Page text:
and faith in the Almighty Allah’ was made to be the basis of all actions in Art
8(1A) of the Constitution. Upon autonomy, Bangladesh issued the Adaptation of
Existing Laws Order No. 48 of 1972, adopt certain laws and acts (of Pakistan) that
were in existence and applicable in the East Pakistan prior to independence (such
as the 1951 Citizenship Act) in order to fill up the gap created by the secession of
Bangladesh from Pakistan. senate can choose and pick all acceptable elements of
the Fifth Amendment and put a stamp of validity, even retrospectively if necessary.
Parliament can also justify its action under the principle of necessity in the same
way it endorsed overstay of the immediately past caretaker government and the
Law Minister justified it as a matter of necessity. There are legal ways to overcome
any potential vacuum in continuity. There is nothing in law or the constitution that
prevents parliament from resorting to adaptation if the AD rejects the leave-to-
appeal petition.

a) What would happen to all the amendments:

The Constitution confers power on Parliament to amend the Constitution. For such
amendment there are some procedural requirements. For the amendment of
Constitution the Bill must be passed by the votes of no less than two–third of the
total number of members of Parliament. The President shall within seven days of
the presentation of the Bill after being passed in Parliament with the requisite
majority assent to the Bill and if he fails to asset within that time he shall be
deemed to have assented the Bill. However, if the Bill seeks to amend the
Preamble or any of the provisions of Article 8 (provision relating to fundamental
principles), 48 (provision relating to the President), 56 (provision relating to
Ministers) or 142 (provision relating to ‘power to amend any provision of the
Constitution’) the President shall refer it to a referendum and if the majority votes
in the referendum are in favor of the amendment the President shall be deemed to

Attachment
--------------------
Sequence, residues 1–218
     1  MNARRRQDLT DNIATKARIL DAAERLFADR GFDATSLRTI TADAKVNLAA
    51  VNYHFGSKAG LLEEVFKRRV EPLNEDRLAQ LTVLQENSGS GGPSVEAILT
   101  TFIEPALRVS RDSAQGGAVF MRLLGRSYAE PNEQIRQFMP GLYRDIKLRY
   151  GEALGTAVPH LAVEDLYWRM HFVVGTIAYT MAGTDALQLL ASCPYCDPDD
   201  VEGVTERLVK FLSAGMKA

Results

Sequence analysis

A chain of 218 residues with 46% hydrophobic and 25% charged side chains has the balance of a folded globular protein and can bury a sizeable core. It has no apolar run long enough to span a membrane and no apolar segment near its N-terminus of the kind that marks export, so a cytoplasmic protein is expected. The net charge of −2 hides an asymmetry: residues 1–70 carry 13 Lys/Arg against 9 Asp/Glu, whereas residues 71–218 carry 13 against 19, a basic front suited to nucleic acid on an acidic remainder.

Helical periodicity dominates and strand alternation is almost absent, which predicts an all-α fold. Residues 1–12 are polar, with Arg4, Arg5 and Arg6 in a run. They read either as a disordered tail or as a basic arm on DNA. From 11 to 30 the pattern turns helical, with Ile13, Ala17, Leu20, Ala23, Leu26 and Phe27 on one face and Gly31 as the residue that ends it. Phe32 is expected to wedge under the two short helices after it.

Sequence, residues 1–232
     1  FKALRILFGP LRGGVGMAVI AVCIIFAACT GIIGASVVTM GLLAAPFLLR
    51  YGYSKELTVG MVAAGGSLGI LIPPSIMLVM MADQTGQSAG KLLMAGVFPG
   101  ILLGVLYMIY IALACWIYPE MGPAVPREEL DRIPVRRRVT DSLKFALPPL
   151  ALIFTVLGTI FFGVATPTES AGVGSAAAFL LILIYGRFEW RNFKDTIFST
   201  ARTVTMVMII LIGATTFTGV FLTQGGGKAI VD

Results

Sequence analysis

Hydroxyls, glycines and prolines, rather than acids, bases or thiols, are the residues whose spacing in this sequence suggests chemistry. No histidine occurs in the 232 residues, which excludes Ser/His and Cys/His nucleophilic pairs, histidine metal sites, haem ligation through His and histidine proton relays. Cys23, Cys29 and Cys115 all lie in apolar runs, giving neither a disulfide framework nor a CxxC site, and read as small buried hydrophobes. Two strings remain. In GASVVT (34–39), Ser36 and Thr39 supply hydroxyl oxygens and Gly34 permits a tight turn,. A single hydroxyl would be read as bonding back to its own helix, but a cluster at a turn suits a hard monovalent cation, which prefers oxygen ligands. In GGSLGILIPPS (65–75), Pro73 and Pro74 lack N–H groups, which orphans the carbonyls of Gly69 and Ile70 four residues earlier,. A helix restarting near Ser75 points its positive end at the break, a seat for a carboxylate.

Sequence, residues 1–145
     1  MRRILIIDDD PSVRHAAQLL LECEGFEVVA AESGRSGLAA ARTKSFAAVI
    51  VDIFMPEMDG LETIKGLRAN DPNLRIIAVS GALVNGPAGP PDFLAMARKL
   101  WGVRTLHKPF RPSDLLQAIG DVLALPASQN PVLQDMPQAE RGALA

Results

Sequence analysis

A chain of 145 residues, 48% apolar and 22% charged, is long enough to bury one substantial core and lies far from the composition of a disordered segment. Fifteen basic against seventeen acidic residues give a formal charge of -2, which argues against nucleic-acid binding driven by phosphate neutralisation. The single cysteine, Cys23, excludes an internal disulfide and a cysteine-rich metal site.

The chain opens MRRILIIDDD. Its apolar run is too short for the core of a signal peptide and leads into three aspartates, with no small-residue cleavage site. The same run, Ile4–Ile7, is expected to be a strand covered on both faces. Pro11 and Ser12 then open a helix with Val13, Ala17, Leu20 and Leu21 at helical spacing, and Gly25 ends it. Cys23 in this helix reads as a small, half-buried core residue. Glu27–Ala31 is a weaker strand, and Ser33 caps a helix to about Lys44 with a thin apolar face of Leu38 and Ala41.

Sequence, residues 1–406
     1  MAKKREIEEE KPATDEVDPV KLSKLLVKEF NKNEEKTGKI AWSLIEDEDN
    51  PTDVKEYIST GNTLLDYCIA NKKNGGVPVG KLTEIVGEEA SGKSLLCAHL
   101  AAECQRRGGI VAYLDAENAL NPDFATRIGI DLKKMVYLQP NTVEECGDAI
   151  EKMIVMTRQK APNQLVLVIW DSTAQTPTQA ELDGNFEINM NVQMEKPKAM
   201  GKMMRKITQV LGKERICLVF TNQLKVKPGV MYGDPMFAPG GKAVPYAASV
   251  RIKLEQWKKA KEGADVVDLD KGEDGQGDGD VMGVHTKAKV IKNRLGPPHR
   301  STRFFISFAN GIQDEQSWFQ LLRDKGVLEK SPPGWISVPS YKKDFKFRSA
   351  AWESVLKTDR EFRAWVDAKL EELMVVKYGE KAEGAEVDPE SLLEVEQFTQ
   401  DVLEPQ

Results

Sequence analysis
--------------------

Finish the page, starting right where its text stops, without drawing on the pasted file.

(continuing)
have assented to the Bill, otherwise the President shall be deemed to have withheld
his assent from the Bill The procedural requirements are mandatory and non-
compliance of the requirement will render the amendment void. . Proclaiming the
Fifth Amendment constitutional on the basis of the raised concerns and
consequences would tantamount to making a legal decision based on extra-legal
considerations and the justified end turning the prohibited means into a permissible
one a striking contradiction in any justice system. Its effect would be to condone
many unacceptable elements of the Fifth Amendment. It would validate all acts of
the martial law regimes, including those that vandalised and tailored the
constitution to cater for their political ambitions, removed the constitutionally
entrenched ideals of the liberation war, recommunalised politics, stultified the
development of political institutions, made politics difficult for politicians by
creating political turncoats, installed pliable parliament through rigged elections,
introduced military oligarchy with democratic outfits, hamstrung the rule of law
for the rule of the jungle to prevail, and pursued sectarian interests. Parliament may
enact an adaptation legislation to validate any laws and acts of those martial law
regimes currently in force with a view to avoid any legal vacuum and non-
continuity in governmental authorities. Precedents of such adoption exist in the
law-making history of Bangladesh.

4. Conclusion:

If the judgment in the 5th amendment case is upheld, some important decisions by
the Appellate Division in Halima Khatun V. Bangladesh, Sultan Ahmed V. Chief
Election Commissioner, Haji Jaynal Abedin V. State, Jamil Haque V. Bangladesh,
Nasiruddin V. Bangladesh, Khandakar Mostaque Ahmed V. Bangladesh,
Khandker Ehtesamuddin Ahmed V. Bangladesh, Bangladesh V. Mahbubur Rashid,
Presidents Secretariat V. K. Mahtabuddin Ahmed, Nasir Kader Siddiqui V.
Bangladesh will be affected as these judgment accepted that martial law
proclamation, regulation etc, were supreme law and the Constitution lost its
character as supreme law. Constitution is the supreme law. It is the reflection of
peoples’ wishes and desires. The government should think very carefully before
making any fundamental changes in it. It should refrain from making major
changes unless a national consensus is reached. History tells us fundamental
changes of the Constitution by the unilateral action of the government have not
brought fruitful result. Rather, it created bitter hostility and division within the
country when stability and unity were immensely needed for national prosperity. In
any event, if any fundamental changes are to be made in the current Constitution,
the prescribed procedure outlined in the very Constitution must be followed.

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Definition of constitution and fifth amendment